Zero Down Supply Chain Solutions et al v. Global Transportation Solutions et al, No. 2:2007cv00400 - Document 498 (D. Utah 2012)

Court Description: MEMORANDUM DECISION AND ORDER denying 467 Motion for Attorney Fees. Signed by Magistrate Judge Dustin B. Pead on 10/19/12 (alt)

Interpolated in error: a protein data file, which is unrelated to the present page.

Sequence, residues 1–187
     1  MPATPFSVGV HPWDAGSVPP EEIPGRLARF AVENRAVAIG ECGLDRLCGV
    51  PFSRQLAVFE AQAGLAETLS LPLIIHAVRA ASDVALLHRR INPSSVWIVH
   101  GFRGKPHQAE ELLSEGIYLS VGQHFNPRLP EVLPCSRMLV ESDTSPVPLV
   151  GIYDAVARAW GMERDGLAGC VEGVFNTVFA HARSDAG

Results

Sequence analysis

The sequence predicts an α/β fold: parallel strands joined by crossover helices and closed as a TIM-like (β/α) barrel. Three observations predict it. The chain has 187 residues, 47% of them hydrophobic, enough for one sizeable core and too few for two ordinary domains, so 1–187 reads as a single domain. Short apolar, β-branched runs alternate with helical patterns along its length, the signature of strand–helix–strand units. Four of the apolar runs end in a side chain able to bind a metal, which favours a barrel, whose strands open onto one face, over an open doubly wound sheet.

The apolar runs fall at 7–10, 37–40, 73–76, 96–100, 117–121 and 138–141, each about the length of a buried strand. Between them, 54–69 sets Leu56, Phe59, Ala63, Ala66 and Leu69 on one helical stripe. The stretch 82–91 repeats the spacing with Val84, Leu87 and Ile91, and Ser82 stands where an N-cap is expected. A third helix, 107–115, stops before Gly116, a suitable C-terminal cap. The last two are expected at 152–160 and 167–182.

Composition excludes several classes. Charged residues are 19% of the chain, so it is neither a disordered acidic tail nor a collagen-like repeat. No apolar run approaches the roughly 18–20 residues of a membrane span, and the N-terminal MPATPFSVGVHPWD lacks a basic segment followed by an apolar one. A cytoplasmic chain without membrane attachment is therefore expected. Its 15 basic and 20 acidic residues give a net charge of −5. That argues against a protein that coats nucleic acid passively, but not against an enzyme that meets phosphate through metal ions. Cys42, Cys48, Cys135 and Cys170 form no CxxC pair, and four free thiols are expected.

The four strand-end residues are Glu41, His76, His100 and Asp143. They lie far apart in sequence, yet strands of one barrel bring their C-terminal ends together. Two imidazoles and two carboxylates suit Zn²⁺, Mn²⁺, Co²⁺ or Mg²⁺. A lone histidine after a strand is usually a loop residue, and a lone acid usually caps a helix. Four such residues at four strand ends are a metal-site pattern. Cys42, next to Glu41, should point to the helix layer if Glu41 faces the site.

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IN THE UNITED STATES DISTRICT COURT FOR THE DISTRICT OF UTAH, CENTRAL DIVISION ZERO DOWN SUPPLY CHAIN SOLUTIONS, INC. et al., MEMORANDUM DECISION AND ORDER DENYING MOTION FOR AWARD OF ATTORNEYS' FEES Plaintiffs, v. Case No. 2:07-cv-400 TC GLOBAL TRANSPORTATION SOLUTIONS, INC., et al., District Judge Tena Campbell Magistrate Judge Dustin Pead Defendants. Plaintiffs in this matter consist of Zero Down entities and their founder Dan McBride. Defendants, relevant for the purpose of this decision, consist of Global Transportation Solutions (AGTS@), Shawn Shaw B the sole shareholder of GTS, and Global Transportation Management Solutions, LLC (AGTMS@). Before the Court is Defendants motion for an order awarding attorneys fees incurred in connection with the dismissal of Plaintiffs federal and Florida RICO claims. (Docket No. 467.) As outlined below, the Court is not persuaded by Defendants arguments, and DENIES the motion. I. BACKGROUND Plaintiffs commenced this action in the Southern District of Florida in June 2006. The complaint and amended complaint both contained federal and Florida RICO claims. In June 2007, the Florida Court entered an order transferring the case to this district pursuant to 28 U.S.C. § 1404(a). (Docket No. 1.) On October 17, 2008, District Judge Tena Campbell issued a Page 1 of 6 memorandum decision and order dismissing all of Plaintiffs Florida and federal RICO claims because they fail[ed] to allege conduct that constitute[d] a threat of continuing criminal activity. (Docket No. 156.) However, Judge Campbell refused to dismiss Plaintiffs remaining claims. (Id.) On February 5, 2010, Judge Campbell ordered default against Defendants. (Docket No. 329.) A jury trial for damages is set for December 4, 2012 through December 7, 2012. II. GOVERNING LAW Where a change of venue occurs, a transferee district court sitting in diversity must apply the law of the transferor court. Olcott v. Delaware Flood Co., 76 F.3d 1538, 1544-45 (10th Cir. 1996). However, where jurisdiction is based on a federal question, a federal district court is obligated to apply the law of the circuit in which it sits, unless the issue is one of geographically non-uniform federal law. Id. at 1546. In this case, Judge Campbell previously ruled the Court would apply Tenth Circuit law to Plaintiffs federal claims. (Docket No. 156.) Therefore, Tenth Circuit law will govern this Court s analysis of Plaintiffs dismissed federal RICO claims, while Eleventh Circuit law governs analysis of Plaintiffs dismissed Florida RICO claims. III. DEFENDANTS MOTION FOR ATTORNEYS FEES Defendants seek an award of fees for Plaintiffs dismissed Florida RICO claims under FLA. STAT. ANN. § 772.104(3) (2012). Pursuant to this statute, a defendant is entitled to reasonable attorneys fees upon a finding that a claimant raised a civil RICO claim that was without substantial factual or legal support. Smith v. Viragen, Inc., 902 So. 2d 187, 191 (Fla. Dist. Ct. App. 2005); Hartford Ins. Co of the Midwest v. Miller, 681 So. 2d 301, 301 (Fla. Dist. Ct. App. 1996); Foreman v. E.F. Hutton & Co., 568 So. 2d 531, 532 (Fla. Dist. Ct. App. 1990). Page 2 of 6 Defendants seek an award of fees for Plaintiffs dismissed federal RICO claims pursuant to Golden Meadows Properties, LC v. Strand, 241 P.3d 375 (Utah Ct. App. 2010) (finding a party who prevailed on some of its multiple claims was entitled to all attorneys fees incurred in the litigation because all the claims involved a common core of facts and related legal theories). Defendants assert they deserve attorneys fees on the dismissed federal RICO claims because the legal work done to defend against these claims was inextricably intertwined with the legal work done to defend against the Florida RICO claims. (Docket No. 468.) A. Laches Plaintiffs oppose the grant of attorneys fees to Defendants because Defendants neglected to file the motion until three and a half years after the claims were dismissed. (Docket No. 475). The Court construes Plaintiffs argument in this regard to relate to the doctrine of latches. The Supreme Court has held that a post-judgment motion for fees is untimely where it unfairly surprises or prejudices the affected party. White v. New Hampshire Dept. of Emp t Sec., 455 U.S. 445, 454 (1982). Along the same lines, both the Tenth and Eleventh Circuits have found a party s claims barred by laches where: (1) a party delays bringing a claim; (2) the delay is unreasonable or inexcusable; and (3) the delay causes undue or material prejudice to the party against whom the claim is asserted. See, e.g., Jacobsen v. Deseret Book Co., 287 F.3d 936, 949 (10th Cir. 2002); Kason Indus., Inc. v. Component Hardware Group, Inc., 120 F.3d 1199, 1203 (11th Cir.1997). In this case, the Court fundamentally agrees with Plaintiffs, in that it would be inappropriate to award attorneys fees to Defendants on the dismissed RICO claims. Defendants delayed bringing their claim for attorneys fees on these claims until nearly four years after Judge Campbell dismissed them, and more than two years after she issued an order of default against Page 3 of 6 Defendants. (Docket Nos. 156, 329.) The Court finds Defendants delay inexcusable and unreasonable as Defendants failed to offer any explanation for waiting so many years before seeking attorneys fees. Finally, the Court concludes granting Defendants attorneys fees at this late stage in the proceedings would unduly and materially prejudice Plaintiffs. After the dismissal of the RICO claims, Plaintiffs proceeded with the remainder of their lawsuit with no anticipation that, years down the road, they would have to defend against a defaulting party s stale request for attorneys fees. B. Unclean Hands Plaintiffs also oppose Defendants motion for attorneys fees because they allege the dismissal of Plaintiffs RICO claims resulted from the fact that Defendants flatly refused to participate in the discovery process, denying Plaintiffs the opportunity to conduct necessary discovery to determine whether RICO claims may have, in fact, been appropriate. (Docket No. 475.) Plaintiffs additionally assert that Defendants are fairly precluded from bringing a motion for fees where Defendants [w]illful misconduct . . . led to an entry of default judgment against them. (Docket No. 475.) The Court interprets Plaintiffs opposition in this regard to relate to unclean hands. The unclean hands doctrine requires that he who comes into equity must come with clean hands. Precision Instrument Mfg. Co v. Auto. Maint. Mach. Co., 324 U.S. 806, 814 (1945). The doctrine closes the doors of a court of equity to one tainted with inequitableness or bad faith relative to the matter in which he seeks relief. Id. Stated conversely, a party seeking relief must have acted fairly and without fraud or deceit as to the controversy in issue. Id. at 815; see Worthington v. Anderson, 386 F.3d 1314, 1319 (10th Cir. 2004) (using the Supreme Court s unclean hands standard from Precision in the Tenth Circuit). See also In re Kingsley, 518 F.3d Page 4 of 6 874, 878 (11th Cir. 2008) (noting the Eleventh Circuit s unclean hands doctrine bars relief to a party who has acted in bad faith, resorted to trickery and deception, or been guilty of fraud, injustice or unfairness ). In this case, Judge Campbell previously noted Defendants history of failing to honor their discovery obligations, their duty to the Court, and their duty to opposing counsel, and not [being] straightforward in their representations . . . to opposing counsel or the Court. (Docket No. 281.) More specifically, Defendants failed to timely answer Plaintiffs March 3, 2008 complaint and to comply with court orders compelling discovery. (See Docket Nos. 242, 263, 272.) Their failures resulted in Judge Campbell: (1) issuing an order to show cause (Docket No. 263); (2) deeming Plaintiffs requests for admissions admitted (Docket No. 272); (3) imposing sanctions on Defendants previous attorney (Docket No. 272); (4) holding Defendants in contempt of Court (Docket No. 290); (5) dismissing Defendants counterclaims with prejudice and on the merits (id.); and (6) awarding Plaintiffs their reasonable expenses, including attorneys fees, incurred as a result of Defendants failure to comply in good faith with the Court s discovery orders. (Id.). As a result of Defendants failure to comply with discovery requests or to participate in the litigation in any meaningful way, on February 5, 2010, Judge Campbell issued an order of default against Defendants on Plaintiffs remaining claims. (Docket No. 329.) Because of Defendants wrongful conduct, Judge Campbell denied Defendants motion to set aside the default. (Docket No. 465.) This Court finds that Defendants persistent, inequitable conduct in this case, as outlined above, rises to the level of unclean hands. As such, the Court denies Defendants motion for attorneys fees under the doctrine of unclean hands. Page 5 of 6 IV. PLAINTIFFS REQUEST FOR SANCTIONS Plaintiffs request sanctions against Defendants in the form of attorneys fees expended in responding to Defendants present motion. (Docket No. 475.) Plaintiffs allege Defendants motion violated the timing procedures set forth in the Federal Rules of Civil Procedure. (Id.) Plaintiffs also allege Defendants lack standing to bring the motion because of the default entered against them.1 (Id.) However, Plaintiffs general allegations are insufficient where they failed to cite to any specific timing provisions of the Federal Rules of Civil Procedure that Defendants violated. As such, the Court will not impose sanctions on Defendants. V. CONCLUSION For the reasons set forth above, the Court DENIES Defendants motion for attorneys fees. (Docket No. 467.) DATED this 19th day of October 2012. Dustin Pead U.S. Magistrate Judge 1 In light of the Court s decision to deny Defendants motion for attorneys fees on laches and unclean hands grounds, the Court declines to address whether Defendants, who have defaulted, have standing to seek attorneys fees. (Docket No. 475.) Page 6 of 6